Reflecting on the life and recent death of Mr. Chalabi, as Americans, it is only natural that we see him as we saw him. Most Americans have forgotten the hideous impact the Washington regime of Bush, Clinton, Bush and Obama had on the people, government and economy of Iraq. Most never cared anyway.
The name of the current Iraqi Prime Minister may not matter, but who he is might. Apparently, Prime Minister Haider al-Abadi is unreasonable optimist, with an overbroad definition of his role vis a vis the people of Iraq. And oh, those people! Ungrateful for the trillions in American “help,” they’ve been rioting in the streets of Baghdad, over poor utility service and corrupt government, a lack of economic recovery, and continue terror inflicted by enemies within and nearby, including the American-created ISIS.
Haider al-Abadi recently appointed the late Mr. Chalabi to head a corruption inquiry into Iraqi state finances, his new position described as “that of an auditor of Iraq’s finances.” Iraq’s finances. That concept takes a moment to get one’s head around, given that it has been a puppet state, filled with Washington-approved insiders and compromised Iraqis of all religious and secular persuasions, united in a common desire for access to oil revenue and desire for power, which is to say oil revenue.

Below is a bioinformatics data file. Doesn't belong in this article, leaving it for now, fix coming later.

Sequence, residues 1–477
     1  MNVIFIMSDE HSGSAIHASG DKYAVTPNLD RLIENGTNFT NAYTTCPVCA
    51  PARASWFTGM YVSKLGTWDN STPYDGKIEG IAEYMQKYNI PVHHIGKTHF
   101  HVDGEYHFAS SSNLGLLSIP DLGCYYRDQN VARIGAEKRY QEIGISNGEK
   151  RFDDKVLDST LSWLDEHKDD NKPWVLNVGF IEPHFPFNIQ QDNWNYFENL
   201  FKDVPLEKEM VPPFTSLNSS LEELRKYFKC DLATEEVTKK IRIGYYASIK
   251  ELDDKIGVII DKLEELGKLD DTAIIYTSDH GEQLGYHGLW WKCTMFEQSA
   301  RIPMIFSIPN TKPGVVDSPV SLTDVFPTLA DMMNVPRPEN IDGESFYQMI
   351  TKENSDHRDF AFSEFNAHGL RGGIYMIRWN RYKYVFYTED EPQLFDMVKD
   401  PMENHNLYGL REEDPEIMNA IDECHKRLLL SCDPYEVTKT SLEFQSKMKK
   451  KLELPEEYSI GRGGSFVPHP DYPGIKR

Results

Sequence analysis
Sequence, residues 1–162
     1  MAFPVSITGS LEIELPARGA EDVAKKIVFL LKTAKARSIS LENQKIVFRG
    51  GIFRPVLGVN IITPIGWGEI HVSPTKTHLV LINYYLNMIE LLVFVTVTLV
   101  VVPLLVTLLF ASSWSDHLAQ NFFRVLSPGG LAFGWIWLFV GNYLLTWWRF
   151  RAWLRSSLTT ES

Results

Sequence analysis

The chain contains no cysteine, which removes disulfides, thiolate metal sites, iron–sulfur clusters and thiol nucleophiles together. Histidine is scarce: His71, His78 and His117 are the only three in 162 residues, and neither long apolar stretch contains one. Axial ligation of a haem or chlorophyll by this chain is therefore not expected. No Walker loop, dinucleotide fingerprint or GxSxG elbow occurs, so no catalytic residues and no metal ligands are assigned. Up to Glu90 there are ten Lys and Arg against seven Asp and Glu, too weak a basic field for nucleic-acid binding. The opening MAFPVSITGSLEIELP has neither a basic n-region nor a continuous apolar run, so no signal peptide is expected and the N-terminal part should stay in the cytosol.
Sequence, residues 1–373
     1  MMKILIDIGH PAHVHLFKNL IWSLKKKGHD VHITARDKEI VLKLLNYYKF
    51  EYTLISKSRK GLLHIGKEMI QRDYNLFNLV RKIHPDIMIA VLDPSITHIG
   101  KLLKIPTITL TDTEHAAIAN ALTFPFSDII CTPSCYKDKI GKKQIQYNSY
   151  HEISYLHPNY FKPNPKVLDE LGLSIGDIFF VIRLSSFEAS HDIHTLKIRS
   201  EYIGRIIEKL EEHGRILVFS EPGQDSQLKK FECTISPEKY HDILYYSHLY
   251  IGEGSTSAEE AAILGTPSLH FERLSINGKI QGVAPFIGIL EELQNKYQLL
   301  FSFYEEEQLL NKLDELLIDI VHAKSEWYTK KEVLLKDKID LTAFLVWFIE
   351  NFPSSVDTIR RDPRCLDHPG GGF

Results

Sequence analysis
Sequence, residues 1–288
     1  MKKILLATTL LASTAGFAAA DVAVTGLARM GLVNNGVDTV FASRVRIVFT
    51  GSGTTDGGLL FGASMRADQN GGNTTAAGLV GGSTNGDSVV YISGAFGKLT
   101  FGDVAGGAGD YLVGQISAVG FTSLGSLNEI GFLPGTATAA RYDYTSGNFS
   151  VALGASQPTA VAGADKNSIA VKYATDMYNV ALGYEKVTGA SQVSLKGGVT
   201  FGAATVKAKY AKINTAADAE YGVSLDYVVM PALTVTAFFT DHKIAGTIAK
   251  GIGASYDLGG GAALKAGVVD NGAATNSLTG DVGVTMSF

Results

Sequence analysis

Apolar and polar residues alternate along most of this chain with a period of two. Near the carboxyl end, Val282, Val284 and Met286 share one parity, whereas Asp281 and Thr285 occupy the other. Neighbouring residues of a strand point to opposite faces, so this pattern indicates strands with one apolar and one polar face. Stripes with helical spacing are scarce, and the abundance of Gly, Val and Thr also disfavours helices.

War and economic destruction brings the right mix of desperation and creativity, institutional, moral and monetary breakdown within the guise of a new glorious state to replace the old glorious state, and the conditions where the meek huddle in a refugee camp. These environments are playgrounds for criminals, state gangs, and people like Chalabi have roamed these circles for decades. But that doesn’t mean Iraqis or their various would-be leaders are throwing in the towel, to use an American sports idiom. It’s their country, their territory, their homeland, they love it even as they may curse it.
Most Americans can’t understand this. We still love our government, adore the state, crave Washington’s approval, and when a citizen complains, he or she better be ready to “Get the hell out, if you don’t like it!” The Iraqis may be far more sophisticated in this regard than we know.
But not their government, that cruel combination of US-approved and US-tolerated political whores and survivalists, with a healthy number of the kind of political opportunists that invariably rise to the occasion, when whole systems are destroyed, murderously and chaotically.
So Prime Minister al-Abadi appoints the infamous Chalabi – still the energizer bunny of global intrigue, still standing after all these years as a political figure in Iraq, and importantly, intimately familiar with both US and Iraq politics, and intimately knowledgeable about financial crime and banking fraud – to lead a corruption investigation.
Where or where might his investigation lead? We certainly don’t know, because at age 71, this happy “hero in error,” this well-connected conversationalist, with his vivid mind and grasp of history, a health nut and physically fit man who above all was able to enjoy life in spite of himself, had a deadly heart attack last week.